Documents still may not prevent a Martha subpoena. Stewart finally turns over to Congress a trove of stock-trade records, but with portions blacked out

Martha Stewart finally dished out a giant serving of stock-trade documents to Congress, but they still may not stop her from being served herself — with a subpoena to testify. With the House Energy and Commerce Committee accusing her lawyers of having dragged their feet for months in turning over documents related to Stewart’s controversial sale of her ImClone stock, the attorneys finally handed them over by Tuesday afternoon’s deadline, but she still may not have been as forthcoming as the committee would have liked, since portions of the papers were blacked out.

”We did notice that a number of documents were redacted,” committee spokesman Ken Johnson told the New York Daily News. ”The attorneys…told us that the documents requested contained financial information not related to ImClone. We have told them [to] bring in original copies for our investigators to review…. We’re not in a ‘trust me’ mode right now. Any time you receive documents and you see portions of them blacked out, it raises questions in your mind.”

The documents, which numbered more than 1,000 pages, were supposed to include Stewart’s phone records and e-mails surrounding her ImClone stock sale on Dec. 27, a day before the stock price collapsed upon news of federal rejection of the company’s new cancer drug. That it took such a thick stack of paper to explain away Stewart’s alleged insider trading seemed questionable to at least one committee member. ”I’m just a Texas congressman,” Republican Rep. Joe Barton told the Daily News. ”It wouldn’t take me a thousand pages to prove when I decided to sell or buy a stock.” Asked if Stewart’s attorneys might be trying to bury incriminating evidence in such a massive document dump, Barton said, ”It won’t work, because the committee staff [is] very good and very professional. That dog won’t hunt. If there’s something in there, we’ll get it.”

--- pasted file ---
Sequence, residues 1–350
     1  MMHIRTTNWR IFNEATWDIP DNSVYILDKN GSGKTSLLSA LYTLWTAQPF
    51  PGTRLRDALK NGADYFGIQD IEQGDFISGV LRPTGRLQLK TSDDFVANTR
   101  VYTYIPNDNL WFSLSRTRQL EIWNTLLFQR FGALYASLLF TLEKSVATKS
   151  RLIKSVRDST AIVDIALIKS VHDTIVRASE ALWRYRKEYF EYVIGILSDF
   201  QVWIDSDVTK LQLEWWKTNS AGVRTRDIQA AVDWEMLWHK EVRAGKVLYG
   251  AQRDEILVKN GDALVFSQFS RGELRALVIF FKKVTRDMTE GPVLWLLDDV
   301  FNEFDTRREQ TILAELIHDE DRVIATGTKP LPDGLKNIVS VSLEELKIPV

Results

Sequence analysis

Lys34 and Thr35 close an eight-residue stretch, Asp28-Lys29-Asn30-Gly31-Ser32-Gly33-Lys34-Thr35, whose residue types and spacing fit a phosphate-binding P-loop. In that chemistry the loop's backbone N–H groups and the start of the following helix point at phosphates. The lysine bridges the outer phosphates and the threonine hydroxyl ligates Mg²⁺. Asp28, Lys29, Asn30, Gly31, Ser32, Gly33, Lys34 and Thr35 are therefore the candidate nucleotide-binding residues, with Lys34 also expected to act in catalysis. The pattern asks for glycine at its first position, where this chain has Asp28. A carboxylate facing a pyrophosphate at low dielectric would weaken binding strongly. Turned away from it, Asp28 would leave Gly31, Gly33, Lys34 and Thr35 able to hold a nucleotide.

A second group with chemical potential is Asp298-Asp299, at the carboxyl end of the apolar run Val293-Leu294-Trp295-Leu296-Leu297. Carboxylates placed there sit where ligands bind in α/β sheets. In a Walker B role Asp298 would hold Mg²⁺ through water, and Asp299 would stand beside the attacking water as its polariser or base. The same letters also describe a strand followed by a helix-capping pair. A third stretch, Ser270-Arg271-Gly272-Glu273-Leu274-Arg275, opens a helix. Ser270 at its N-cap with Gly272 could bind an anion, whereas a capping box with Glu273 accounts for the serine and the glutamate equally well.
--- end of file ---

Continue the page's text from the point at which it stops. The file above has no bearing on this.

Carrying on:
The papers were delivered around 4 p.m. ET, an hour before the committee-imposed deadline and after the closing bell on Wall Street. So the news of their contents came too late to affect sales yesterday of shares of Stewart’s own company, Martha Stewart Living Omnimedia, which rose slightly on Tuesday. (The stock price has plummeted since accusations against Stewart arose in June.)

Although she is also being investigated by the Justice Department and the FBI, Stewart has not been charged with a crime. She will, however, face a possible subpoena from Congress if the committee decides that her 1,000-plus pages of redacted documents aren’t informative enough. ”In all likelihood it will take our investigators several weeks to review the documents, and then Chairman [Billy] Tauzin [R-La.] will make a final decision about subpoenaing Ms. Stewart to appear before our committee,” Johnson told the Daily News.